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Zomato worst digital workplace in India: Fairwork Survey

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According to a survey by Fairwork India Ratings, Zomato, along with rival platform Swiggy and cab-hailing app Uber, were ranked the worst performing digital platforms this year, scoring only 1 out of 10 points. The report examined working conditions of app-based workers and focused on five principles of fair platform work: Fair pay, fair conditions, fair contracts, fair management and fair representation.
Zomato CEO Deepinder Goyal has taken the full responsibility for such an abysmal performance, saying the company will try its best to improve the working conditions to perform better next year.
“Zomato ranked at the bottom of 2020 Fairwork India scores. We knew we had things to work on, but we didn’t know that there is so much room for improvement,” he tweeted.
“All of us here at @zomato take full responsibility for our abysmal scores in this area, and we will leave no stone unturned to perform better in these rankings next year,” he added.
Goyal further said: “I thank Fairwork for being a credible mirror for the entire ecosystem. Your work has hit the right spot.”
The companies are ranked on a scale of 10, with each aspect holding two points. Urban Company topped the list of digital platforms with eight points, followed by Flipkart’s delivery arm Ekart with seven points. Dunzo and Grofers scored four points each while Amazon (ATS), BigBasket, Housejoy and Ola scored two points each.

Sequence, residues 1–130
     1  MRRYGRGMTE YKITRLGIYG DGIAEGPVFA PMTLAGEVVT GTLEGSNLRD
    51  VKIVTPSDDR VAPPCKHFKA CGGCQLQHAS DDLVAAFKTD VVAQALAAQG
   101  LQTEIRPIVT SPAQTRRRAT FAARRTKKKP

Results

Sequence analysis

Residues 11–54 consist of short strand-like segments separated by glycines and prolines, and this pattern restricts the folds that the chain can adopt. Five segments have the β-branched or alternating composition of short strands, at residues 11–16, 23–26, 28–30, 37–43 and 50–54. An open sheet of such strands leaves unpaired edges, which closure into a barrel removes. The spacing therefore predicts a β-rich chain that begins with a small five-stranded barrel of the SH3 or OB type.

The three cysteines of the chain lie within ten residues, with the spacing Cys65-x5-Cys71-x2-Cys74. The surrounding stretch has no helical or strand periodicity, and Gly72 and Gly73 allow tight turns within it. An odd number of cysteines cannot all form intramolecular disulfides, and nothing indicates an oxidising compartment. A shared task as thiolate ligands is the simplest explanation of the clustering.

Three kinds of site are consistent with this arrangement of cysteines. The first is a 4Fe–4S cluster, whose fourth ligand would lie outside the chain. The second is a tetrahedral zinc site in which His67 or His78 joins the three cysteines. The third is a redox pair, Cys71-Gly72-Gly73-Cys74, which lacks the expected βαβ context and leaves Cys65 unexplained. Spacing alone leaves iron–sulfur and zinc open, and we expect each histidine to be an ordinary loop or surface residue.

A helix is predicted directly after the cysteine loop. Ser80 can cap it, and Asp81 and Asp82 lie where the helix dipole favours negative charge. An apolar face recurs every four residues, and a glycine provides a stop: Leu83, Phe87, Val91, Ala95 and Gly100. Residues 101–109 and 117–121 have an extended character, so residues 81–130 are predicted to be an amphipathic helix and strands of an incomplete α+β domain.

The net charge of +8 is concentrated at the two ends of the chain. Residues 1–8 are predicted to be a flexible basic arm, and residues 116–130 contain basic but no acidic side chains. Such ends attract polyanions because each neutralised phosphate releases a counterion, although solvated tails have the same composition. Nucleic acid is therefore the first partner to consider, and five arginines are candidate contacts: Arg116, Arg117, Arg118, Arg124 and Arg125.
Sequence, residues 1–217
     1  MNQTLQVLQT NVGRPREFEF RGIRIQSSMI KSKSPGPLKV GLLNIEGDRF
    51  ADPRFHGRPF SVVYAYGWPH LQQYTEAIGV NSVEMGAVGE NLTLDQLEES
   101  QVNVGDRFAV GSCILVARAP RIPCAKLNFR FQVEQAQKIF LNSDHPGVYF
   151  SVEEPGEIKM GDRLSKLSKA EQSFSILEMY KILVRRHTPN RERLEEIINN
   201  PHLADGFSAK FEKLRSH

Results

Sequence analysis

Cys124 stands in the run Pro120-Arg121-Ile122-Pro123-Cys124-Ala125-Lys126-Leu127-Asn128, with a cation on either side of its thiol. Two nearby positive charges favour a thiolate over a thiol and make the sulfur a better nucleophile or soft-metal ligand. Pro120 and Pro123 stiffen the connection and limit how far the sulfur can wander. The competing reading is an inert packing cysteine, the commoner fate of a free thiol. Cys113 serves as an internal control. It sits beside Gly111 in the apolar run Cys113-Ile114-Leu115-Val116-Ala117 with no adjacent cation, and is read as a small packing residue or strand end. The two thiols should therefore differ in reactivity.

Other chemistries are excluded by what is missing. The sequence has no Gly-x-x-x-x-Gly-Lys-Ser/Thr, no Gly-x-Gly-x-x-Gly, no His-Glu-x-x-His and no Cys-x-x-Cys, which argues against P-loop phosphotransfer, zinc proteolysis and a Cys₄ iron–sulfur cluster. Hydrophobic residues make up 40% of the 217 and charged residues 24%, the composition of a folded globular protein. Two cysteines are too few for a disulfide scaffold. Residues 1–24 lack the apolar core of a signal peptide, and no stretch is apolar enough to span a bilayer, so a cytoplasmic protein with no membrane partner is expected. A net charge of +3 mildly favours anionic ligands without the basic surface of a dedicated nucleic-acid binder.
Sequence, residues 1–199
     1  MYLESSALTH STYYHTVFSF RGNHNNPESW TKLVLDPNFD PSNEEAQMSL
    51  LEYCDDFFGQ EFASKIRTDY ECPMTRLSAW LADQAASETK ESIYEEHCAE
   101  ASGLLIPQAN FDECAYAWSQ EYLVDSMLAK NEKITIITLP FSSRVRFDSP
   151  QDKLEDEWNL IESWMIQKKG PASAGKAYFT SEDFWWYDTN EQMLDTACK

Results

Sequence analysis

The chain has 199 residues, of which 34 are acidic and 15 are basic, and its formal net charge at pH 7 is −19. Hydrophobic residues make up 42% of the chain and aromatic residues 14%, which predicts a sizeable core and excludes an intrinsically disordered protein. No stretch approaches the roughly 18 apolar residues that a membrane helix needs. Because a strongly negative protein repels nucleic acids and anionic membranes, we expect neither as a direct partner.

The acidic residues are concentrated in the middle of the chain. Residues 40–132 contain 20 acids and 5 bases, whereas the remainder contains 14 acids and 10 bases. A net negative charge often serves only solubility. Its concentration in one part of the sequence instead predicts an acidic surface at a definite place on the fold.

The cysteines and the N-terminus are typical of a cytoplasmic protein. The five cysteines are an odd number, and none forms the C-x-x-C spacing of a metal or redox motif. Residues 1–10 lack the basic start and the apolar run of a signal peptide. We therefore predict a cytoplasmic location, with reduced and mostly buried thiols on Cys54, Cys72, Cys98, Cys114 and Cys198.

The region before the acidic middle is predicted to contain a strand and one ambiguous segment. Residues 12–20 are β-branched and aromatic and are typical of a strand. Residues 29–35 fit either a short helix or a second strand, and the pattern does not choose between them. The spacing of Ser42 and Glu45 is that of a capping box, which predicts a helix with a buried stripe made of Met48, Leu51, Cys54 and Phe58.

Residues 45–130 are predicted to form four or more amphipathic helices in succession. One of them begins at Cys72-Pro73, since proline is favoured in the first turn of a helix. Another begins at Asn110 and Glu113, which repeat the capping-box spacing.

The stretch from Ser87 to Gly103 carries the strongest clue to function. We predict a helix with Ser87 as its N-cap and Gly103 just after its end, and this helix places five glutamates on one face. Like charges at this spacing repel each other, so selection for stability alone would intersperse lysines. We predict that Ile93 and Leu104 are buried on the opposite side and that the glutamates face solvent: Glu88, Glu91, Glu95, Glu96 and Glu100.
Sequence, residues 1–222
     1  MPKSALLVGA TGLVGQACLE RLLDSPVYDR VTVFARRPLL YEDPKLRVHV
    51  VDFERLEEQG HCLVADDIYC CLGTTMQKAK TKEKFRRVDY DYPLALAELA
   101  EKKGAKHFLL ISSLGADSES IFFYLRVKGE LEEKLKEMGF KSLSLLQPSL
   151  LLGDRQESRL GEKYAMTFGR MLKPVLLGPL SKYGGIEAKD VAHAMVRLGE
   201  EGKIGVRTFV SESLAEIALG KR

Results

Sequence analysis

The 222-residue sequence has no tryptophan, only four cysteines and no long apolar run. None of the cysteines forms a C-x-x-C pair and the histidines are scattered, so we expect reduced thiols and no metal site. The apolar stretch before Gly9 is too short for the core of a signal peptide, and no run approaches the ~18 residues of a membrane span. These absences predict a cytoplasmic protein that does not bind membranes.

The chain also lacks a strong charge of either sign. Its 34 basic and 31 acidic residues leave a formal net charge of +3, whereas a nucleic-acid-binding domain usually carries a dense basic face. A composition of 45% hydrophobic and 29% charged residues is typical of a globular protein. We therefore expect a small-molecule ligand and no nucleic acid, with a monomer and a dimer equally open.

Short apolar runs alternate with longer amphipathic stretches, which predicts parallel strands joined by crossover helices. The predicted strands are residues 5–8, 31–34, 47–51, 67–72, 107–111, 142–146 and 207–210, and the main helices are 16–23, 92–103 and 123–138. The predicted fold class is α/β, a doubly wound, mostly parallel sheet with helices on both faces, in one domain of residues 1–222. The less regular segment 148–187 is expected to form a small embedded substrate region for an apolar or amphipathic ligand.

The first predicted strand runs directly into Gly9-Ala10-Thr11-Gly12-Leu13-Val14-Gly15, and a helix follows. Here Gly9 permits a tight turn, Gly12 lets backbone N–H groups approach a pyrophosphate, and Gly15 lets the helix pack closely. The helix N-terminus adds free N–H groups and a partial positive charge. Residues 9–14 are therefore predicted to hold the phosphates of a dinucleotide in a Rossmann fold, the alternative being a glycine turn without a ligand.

“While the Covid-19 pandemic has brought to prominence the precarious livelihoods of all workers (platform or otherwise), this report shows that the pandemic has only exacerbated a precarity already endemic to platform work,” according to the Fairwork survey findings.
Overall, the Fairwork report found that there is nothing inevitable about the working conditions in the platform economy, with some platforms displaying greater concern for workers’ needs than others.
“More specifically, a number of platforms struggled to evidence that all their workers earned above local minimum wages after accounting for costs incurred by workers,” it said in a statement.
The report also pointed towards the lack of clarity in the employment status of workers.
“Workers were often unaware of signing (or digitally accepting) the terms of service laid out by platforms, nor were they explained these during onboarding.”
This is the second year of scoring platforms using the Fairwork principles in India. Last year, twelve platforms, from sectors including ride-hailing, e-commerce, food-delivery, and home services, were scored. This year, eleven platforms were scored, with nine being repeated from the first year. Data from multiple sources indicates that, as of February 2020, an estimated three million workers were registered on the eleven platforms scored this year
“We hope that platforms, workers, regulators and consumers, will use the Fairwork framework and ratings to imagine, and realize, a fairer platform economy in India,” said the Fairwork India team. Fairwork is an organisation that looks at highlighting best practices and worst practices in the platform economy.

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